World ammunition trade tops $4 billion a year: aid group

By AFP
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By AFP

5/31/2012 8:20:01 AM -

NEW YORK (AFP) - The world trade in ammunition now tops $4 billion a year and is growing at a faster rate than the global trade in firearms, the Oxfam aid agency said.

Oxfam's report, released ahead of new talks on an arms trade treaty in New York, estimates that about 12 billion bullets are made each year. It is a figure "enough to kill nearly every man, woman and child on the planet twice."

The trade in ammunition for small arms is worth $4.3 billion, while the trade in firearms and light weapons is worth $2.68 billion, according to the report, "Stop a Bullet, Stop a War."

Oxfam released the report to call for greater regulation of the trade, including in the arms trade treaty which is being negotiated. The next round of talks is scheduled for July.

The agency says only a minority of countries report on ammunition exports and there is hardly any monitoring by intergovernmental agencies.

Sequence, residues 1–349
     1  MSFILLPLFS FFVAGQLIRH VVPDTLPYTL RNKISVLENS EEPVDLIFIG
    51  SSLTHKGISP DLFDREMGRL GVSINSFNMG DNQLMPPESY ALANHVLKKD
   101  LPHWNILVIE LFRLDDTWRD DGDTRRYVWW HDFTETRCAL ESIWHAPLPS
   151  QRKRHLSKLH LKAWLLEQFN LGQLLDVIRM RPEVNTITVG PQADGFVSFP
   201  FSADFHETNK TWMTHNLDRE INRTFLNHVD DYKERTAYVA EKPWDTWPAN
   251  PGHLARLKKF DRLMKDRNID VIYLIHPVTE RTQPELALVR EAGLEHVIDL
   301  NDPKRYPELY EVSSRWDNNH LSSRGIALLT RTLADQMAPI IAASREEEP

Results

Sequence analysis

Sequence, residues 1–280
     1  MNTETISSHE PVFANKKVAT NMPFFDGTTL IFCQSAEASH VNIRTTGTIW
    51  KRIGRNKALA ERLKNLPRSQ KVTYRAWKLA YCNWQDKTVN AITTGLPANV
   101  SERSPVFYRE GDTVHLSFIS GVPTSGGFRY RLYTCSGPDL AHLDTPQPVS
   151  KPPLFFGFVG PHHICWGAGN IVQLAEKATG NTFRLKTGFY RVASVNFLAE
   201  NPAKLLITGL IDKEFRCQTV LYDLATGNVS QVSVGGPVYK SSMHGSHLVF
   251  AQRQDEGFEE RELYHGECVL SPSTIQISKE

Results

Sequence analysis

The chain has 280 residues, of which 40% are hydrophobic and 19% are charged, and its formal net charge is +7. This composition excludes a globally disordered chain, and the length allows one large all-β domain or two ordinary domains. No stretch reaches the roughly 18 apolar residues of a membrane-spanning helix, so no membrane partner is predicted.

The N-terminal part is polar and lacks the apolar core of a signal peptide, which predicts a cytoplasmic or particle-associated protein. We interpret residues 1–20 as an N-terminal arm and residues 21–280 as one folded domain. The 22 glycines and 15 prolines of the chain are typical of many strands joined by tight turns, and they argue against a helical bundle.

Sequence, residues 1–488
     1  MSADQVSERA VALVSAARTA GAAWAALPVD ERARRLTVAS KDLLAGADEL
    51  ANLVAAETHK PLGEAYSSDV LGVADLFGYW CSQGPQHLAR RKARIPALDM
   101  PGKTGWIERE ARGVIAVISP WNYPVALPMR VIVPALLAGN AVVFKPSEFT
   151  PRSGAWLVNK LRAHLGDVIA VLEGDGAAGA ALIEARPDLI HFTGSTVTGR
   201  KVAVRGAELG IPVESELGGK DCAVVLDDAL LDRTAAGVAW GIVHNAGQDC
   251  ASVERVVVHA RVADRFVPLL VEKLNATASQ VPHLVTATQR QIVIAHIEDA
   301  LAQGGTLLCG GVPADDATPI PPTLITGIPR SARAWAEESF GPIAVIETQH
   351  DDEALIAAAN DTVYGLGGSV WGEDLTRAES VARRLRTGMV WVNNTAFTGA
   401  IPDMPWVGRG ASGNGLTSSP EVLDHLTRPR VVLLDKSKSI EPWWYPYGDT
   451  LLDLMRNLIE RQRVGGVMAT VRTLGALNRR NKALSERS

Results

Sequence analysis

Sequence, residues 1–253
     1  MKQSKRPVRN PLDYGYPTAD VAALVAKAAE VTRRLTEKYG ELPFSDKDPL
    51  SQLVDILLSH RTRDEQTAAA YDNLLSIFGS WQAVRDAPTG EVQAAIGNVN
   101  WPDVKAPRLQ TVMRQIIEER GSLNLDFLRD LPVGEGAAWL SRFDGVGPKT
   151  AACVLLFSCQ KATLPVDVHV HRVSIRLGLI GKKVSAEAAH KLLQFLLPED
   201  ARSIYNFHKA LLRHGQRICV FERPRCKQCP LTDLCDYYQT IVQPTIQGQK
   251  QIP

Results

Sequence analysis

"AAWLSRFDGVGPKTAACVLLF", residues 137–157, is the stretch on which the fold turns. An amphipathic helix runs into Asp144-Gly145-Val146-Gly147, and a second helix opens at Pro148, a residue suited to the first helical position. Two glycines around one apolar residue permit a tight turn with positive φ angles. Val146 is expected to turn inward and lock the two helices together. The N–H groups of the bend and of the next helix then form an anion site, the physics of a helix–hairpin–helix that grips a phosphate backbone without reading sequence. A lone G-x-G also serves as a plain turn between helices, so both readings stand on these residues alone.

Oxfam researchers found some of the biggest information gaps covers undocumented ammunition transfers to war-torn countries, such as Somalia and Afghanistan. The report says many bullets are diverted to the armed groups who prolong conflicts.

Of only 34 states that have publicly reported on arms exports since 2006, 28 mentioned their ammunition exports, including Britain, France and the United States.

Countries including the United States, Syria and Egypt, have voiced opposition to including ammunition in the text of the treaty being negotiated, according to Oxfam.

The aid group said ammunition sales must be covered by the new agreement.

"Guns are useless without bullets; bullets are what turn guns into lethal weapons," said Anna Macdonald, head of arms control campaigning at Oxfam.

"It is absolutely essential that the sale of ammunition is included in the treaty and it is far better regulated," Macdonald said.

"There are no global controls on ammunition flows and no global reporting system to keep track on where the billions of bullets are ending up. That must change," she added.

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